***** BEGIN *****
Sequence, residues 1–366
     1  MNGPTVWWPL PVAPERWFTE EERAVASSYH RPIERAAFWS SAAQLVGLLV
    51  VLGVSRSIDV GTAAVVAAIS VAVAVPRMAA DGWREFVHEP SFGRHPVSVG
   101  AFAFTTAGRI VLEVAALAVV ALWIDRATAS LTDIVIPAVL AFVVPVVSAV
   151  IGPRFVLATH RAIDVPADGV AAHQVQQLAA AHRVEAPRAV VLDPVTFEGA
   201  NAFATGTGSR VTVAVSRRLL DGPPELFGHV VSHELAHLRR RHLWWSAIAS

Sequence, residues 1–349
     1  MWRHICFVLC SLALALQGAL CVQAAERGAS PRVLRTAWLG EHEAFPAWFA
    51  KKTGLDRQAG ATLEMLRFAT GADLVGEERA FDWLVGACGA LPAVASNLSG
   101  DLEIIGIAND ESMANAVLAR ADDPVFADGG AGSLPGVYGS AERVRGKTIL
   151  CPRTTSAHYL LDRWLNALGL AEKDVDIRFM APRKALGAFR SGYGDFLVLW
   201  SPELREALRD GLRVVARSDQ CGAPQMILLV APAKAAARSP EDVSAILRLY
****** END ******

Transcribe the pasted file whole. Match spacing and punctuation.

Sequence, residues 1–366
     1  MNGPTVWWPL PVAPERWFTE EERAVASSYH RPIERAAFWS SAAQLVGLLV
    51  VLGVSRSIDV GTAAVVAAIS VAVAVPRMAA DGWREFVHEP SFGRHPVSVG
   101  AFAFTTAGRI VLEVAALAVV ALWIDRATAS LTDIVIPAVL AFVVPVVSAV
   151  IGPRFVLATH RAIDVPADGV AAHQVQQLAA AHRVEAPRAV VLDPVTFEGA
   201  NAFATGTGSR VTVAVSRRLL DGPPELFGHV VSHELAHLRR RHLWWSAIAS

Sequence, residues 1–349
     1  MWRHICFVLC SLALALQGAL CVQAAERGAS PRVLRTAWLG EHEAFPAWFA
    51  KKTGLDRQAG ATLEMLRFAT GADLVGEERA FDWLVGACGA LPAVASNLSG
   101  DLEIIGIAND ESMANAVLAR ADDPVFADGG AGSLPGVYGS AERVRGKTIL
   151  CPRTTSAHYL LDRWLNALGL AEKDVDIRFM APRKALGAFR SGYGDFLVLW
   201  SPELREALRD GLRVVARSDQ CGAPQMILLV APAKAAARSP EDVSAILRLY